The state government hopes the project will be completed by the end of 2018 with the Dandenong line closed for 25 days during construction.

Public Transport Minister Jacinta Allan on Friday acknowledged “a number” of residents concerned about elevated sections of rail overlooking their properties had spoken to the Level Crossing Removal Authority about selling their houses to the government.

Treasurer Tim Pallas rejected opposition suggestions Labor hadn’t followed due process in awarding the contracts.

“We’ve gone through a very rigorous process of competitive tendering here,” he told reporters, adding Lendlease wasn’t given any preferential treatment after the East West Link tollway it was due to build was scrapped.

“They won this on merit.”

As well as removing nine level crossings, the sky rail project involves the construction of five new stations and the creation of 11 MCG’s worth of new public open space.

Liberal MP David Davis said Mr Andrews had “no mandate to build this cheap and nasty eyesore” and that residents had been “hoodwinked”.

“Despite Daniel Andrews’ efforts to paint sky rail as a utopian paradise, everyone knows it will be a crime magnet with all sorts of unsavoury and anti-social behaviour around it,” he said.

60 Minutes case a PR exercise: expert

A Nine Network review of a bungled 60 Minutes child custody story risks becoming a public relations exercise rather than a rigorous examination of its processes, a media expert says.

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Nine has launched an internal review of the current affairs show’s coverage of Australian mum Sally Faulkner’s efforts to return her two young children into her custody after four of its staff spent two weeks in a Lebanese jail on kidnapping charges.

The review will be conducted by former 60 Minutes executive producer Gerald Stone, Nine executive David Hurley and the broadcaster’s in-house general counsel Rachel Launders.

“At no stage did anyone from Nine or 60 Minutes intend to act in any way that made them susceptible to charges that they breached the law or to become part of the story that is Sally’s story,” Nine chief executive Hugh Marks said in a leaked statement to staff on Thursday.

The review will “ascertain what went wrong and why our systems, designed to protect staff, failed to do so in this case,” he said.

But former ABC and Seven news boss Peter Manning is not confident the review will be independent.

“It’ll be a public relations makeover,” Professor Manning, now at the University of Technology, Sydney, told AAP on Friday.

“What’s needed here is an industry-wide look at what happened.”

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Prof Manning said Ms Faulkner had lost access to her two children as a result of Channel Nine’s actions.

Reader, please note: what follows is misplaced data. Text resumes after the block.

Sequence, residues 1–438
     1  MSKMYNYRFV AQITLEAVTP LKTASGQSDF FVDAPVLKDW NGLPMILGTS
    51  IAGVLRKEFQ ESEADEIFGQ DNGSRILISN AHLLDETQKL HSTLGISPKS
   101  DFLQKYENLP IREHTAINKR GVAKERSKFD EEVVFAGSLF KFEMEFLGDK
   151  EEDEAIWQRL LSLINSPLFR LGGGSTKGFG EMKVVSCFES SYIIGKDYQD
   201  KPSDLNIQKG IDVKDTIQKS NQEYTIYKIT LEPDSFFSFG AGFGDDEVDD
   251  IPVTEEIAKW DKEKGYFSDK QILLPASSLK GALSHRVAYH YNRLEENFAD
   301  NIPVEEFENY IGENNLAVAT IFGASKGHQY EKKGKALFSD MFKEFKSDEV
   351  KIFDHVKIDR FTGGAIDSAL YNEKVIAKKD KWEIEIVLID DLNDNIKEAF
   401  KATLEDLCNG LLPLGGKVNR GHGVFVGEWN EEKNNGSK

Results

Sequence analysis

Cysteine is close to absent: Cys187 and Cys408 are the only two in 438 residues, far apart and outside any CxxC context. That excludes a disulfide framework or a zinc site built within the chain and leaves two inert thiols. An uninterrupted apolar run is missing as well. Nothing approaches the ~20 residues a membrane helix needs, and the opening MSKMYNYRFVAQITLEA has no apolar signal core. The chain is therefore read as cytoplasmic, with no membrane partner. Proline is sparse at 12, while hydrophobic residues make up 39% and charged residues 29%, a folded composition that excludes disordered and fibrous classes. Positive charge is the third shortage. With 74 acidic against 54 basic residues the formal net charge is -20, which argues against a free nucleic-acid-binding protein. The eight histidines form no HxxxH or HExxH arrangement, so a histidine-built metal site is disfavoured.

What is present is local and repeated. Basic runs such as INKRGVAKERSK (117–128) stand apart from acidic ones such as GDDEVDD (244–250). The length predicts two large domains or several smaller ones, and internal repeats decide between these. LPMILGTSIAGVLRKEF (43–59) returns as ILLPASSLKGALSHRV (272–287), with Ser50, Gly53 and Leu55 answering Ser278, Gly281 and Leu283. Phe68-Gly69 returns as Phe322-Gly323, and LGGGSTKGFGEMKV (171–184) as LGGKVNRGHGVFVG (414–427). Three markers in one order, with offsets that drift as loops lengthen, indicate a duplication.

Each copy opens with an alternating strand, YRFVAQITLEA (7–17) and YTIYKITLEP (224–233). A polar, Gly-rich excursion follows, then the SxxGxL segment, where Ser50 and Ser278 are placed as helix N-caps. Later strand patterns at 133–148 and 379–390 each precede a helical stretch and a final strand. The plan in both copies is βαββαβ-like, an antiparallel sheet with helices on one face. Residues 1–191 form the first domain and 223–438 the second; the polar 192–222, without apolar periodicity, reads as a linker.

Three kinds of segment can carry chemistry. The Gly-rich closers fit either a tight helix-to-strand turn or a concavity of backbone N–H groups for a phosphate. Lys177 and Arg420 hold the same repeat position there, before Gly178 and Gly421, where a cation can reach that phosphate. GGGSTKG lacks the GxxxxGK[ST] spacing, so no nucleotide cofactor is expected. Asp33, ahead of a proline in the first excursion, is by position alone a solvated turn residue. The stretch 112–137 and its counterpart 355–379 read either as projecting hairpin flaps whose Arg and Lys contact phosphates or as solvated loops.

He stopped short of recommending heads roll, but said it was important there was a very high level of accountability.

“You could guess quickly at the beginning of that whole process that this would go badly wrong,” Prof Manning said.

“Why would any executive in Channel Nine put their reporters, producers, cameramen and sound recordists lives and bodies at risk?”

60 Minutes reporter Tara Brown, producer Stephen Rice, cameraman Ben Williamson and sound recordist David Ballment returned to Australia from Beirut on Thursday night after kidnapping charges against them were dropped.

Journalism professor Chris Nash from Monash University believes executives at Nine would lose their jobs and the saga may spell the end of 60 Minutes.

He likened the situation to the News of the World phone hacking scandal where the UK masthead was shut down in 2011.

“This is actually a News of the World moment where the broader profession of journalism has been brought into disrepute quite seriously,” Prof Nash told AAP.

“It’ll be very interesting to hear from the staff what freedom they felt to decline the job.”

Both experts urged Australian news organisations to end chequebook journalism.

But Prof Manning said the inclusion of Mr Stone on the inquiry panel would hurt any chances of a shift away from the practice.

“He’s the man who invented chequebook journalism for 60 Minutes way back when it began,” he said.

“I just can’t imagine he’ll discover that everything he stood for was wrong.”

Queensland Nickel under Clive Palmer

CLIVE PALMER’S QUEENSLAND NICKEL SAGA

2009 – Clive Palmer buys the struggling Yabulu nickel refinery in Townsville from BHP Billiton.

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2011 – Nickel prices begin a five-year downward spiral, slumping to a 15-year low at the end of 2015.

2013 – Palmer officially steps down as director of Qld Nickel upon entering parliament.

2016

January

15: 237 Queensland Nickel workers axed on the back of sliding nickel prices.

18: The company enters voluntary administration.

20: Australian Workers Union (AWU) asks Australian Securities and Investment Commission (ASIC) to look at whether Palmer acted illegally as a shadow director.